• Strive to safeguard the integrity of creation and sustain and renew the life of the earth (Treasure).

Yes, we are frail and fallible humans, and it is important for us to take stock of our lives and, with God’s help, do any course corrections which may be needed. But, as Brother Mark reminds us, we are also members of the risen body of Christ, called to share his love, healing, and forgiveness in a broken world. Each of us is beloved by God.

May we accept his love. May we absorb his love. May we share his love with others.  Amen.

Lent 1 Year B RCL February 26, 2012

Genesis 9: 8-17
Psalm 25: 1-9
1 Peter 3: 18-22
Mark 1: 9-15

 Martin Smith is a priest and a monk, a member of the Society of St. John the Evangelist, a religious community for men in the Episcopal Church and the Anglican Communion. Martin is a member of the community based in Boston. I have long respected his spiritual depth.

In his book of meditations for Lent,  A Season for the Spirit, Martin has a wonderful meditation on the Baptism of Christ. I am going to share this meditation with you because it gives us a perspective I have never heard expressed by any other person. I hope this will be as helpful to you as it has been to me.

Martin Smith writes, “If you were to picture the scene of Jesus’ baptism in your imagination, what would it be like? What feelings would arise? I did not realize how much I had been influenced by the typical representations of the scene in conventional Christian art until I went to a showing of Paolini’s film, The Gospel according to St. Matthew.  I found myself taken by surprise at the scene of Jesus’ baptism by John, and wept. It took a lot of thinking and praying to gain insight about why I had been moved by this scene in particular. In time I realized that hundreds of stained glass windows and paintings depicted only the two figures in the water. But the film shook me into the realization that Jesus’ baptism was  not a private ceremony but a mass affair with hundreds of men and women swarming in the river, and hundreds more waiting on the bank to take their place. Religious pictures had blunted the impact of the gospels’ insistence on the sheer numbers involved. “And there went out to him all the country of Judea, and all the people of Jerusalem, and they were baptized by him in the River Jordan, confessing their sins.”  (Mark 1:5.) Luke repeats the word ‘multitudes’ and paints the picture of a mass baptism. ‘Now when all the people were baptized, and when Jesus also had been baptized….’  (Luke 3: 21.)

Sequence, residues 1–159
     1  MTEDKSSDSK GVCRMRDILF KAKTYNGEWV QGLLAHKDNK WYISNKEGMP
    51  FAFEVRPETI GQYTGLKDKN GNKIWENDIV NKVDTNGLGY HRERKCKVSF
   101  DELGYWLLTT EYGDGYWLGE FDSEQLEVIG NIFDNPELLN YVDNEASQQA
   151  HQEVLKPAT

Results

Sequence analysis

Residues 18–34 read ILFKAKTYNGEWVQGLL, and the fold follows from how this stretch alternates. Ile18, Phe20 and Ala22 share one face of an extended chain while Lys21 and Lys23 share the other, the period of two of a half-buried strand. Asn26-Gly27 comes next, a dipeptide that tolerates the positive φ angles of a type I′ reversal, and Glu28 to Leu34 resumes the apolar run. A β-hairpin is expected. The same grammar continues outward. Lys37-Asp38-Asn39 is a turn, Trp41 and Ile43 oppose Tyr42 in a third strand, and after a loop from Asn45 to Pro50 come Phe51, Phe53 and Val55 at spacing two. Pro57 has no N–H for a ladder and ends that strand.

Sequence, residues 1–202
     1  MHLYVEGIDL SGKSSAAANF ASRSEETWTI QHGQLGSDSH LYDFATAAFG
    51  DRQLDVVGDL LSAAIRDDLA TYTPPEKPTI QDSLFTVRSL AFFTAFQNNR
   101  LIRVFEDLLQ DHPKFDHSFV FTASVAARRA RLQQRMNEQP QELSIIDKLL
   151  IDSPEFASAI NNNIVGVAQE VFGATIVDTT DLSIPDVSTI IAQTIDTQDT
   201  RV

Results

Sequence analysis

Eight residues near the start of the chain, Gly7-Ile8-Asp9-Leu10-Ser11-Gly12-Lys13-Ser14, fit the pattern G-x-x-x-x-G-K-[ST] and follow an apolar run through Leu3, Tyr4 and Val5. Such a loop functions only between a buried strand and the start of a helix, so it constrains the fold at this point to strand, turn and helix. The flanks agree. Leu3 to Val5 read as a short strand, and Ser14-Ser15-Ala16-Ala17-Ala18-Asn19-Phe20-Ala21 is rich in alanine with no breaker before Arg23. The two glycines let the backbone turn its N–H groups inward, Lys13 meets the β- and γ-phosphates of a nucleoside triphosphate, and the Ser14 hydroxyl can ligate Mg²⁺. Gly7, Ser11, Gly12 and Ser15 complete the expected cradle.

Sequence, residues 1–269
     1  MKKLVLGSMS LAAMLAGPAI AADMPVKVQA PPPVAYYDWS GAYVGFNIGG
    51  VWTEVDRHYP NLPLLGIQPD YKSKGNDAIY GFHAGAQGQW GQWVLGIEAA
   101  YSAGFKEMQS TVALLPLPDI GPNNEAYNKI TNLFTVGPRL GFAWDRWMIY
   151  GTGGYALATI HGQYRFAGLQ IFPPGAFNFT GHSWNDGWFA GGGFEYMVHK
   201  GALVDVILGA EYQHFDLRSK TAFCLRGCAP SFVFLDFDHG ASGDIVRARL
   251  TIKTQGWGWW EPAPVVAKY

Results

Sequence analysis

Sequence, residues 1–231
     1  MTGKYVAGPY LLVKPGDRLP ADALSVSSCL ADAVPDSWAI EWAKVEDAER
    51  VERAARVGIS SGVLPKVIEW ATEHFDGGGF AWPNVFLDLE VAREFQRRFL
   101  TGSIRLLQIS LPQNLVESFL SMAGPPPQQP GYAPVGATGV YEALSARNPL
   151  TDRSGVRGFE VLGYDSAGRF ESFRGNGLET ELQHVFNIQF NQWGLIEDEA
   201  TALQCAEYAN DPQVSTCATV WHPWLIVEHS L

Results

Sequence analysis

Insight gradually dawned that I had been moved by an intuition of Jesus’ solidarity with ordinary, struggling men and women. John preached a “baptism of repentance for the forgiveness of sins.” It was for the masses of mediocre people whose failures, lukewarmness, and mundane unfaithfulness made the prospect of coming judgment terrible. New converts to Judaism passed through a baptismal rite as part of their initiation. Now everyone needed a fresh start, as radical as the one made by a pagan who was embracing Judaism. John was offering  to the masses of ordinary people a baptism which could give them that new beginning.

Jesus’ reaction to John’s preaching a baptism of repentance for the forgiveness of sins was a crucial turning point. He could have kept his distance, an innocent young man conscious of unbroken faithfulness to God, looking with pity on the thousands of ordinary people who were overwhelmed by the realization of their own moral inadequacy. But instead of looking down on them from afar, secure in his own guiltlessness, Jesus plunged into the waters with them and lost himself in the crowd. He threw away his innocence and separateness to take on the identity of struggling men and women who were reaching out en masse for the lifeline of forgiveness.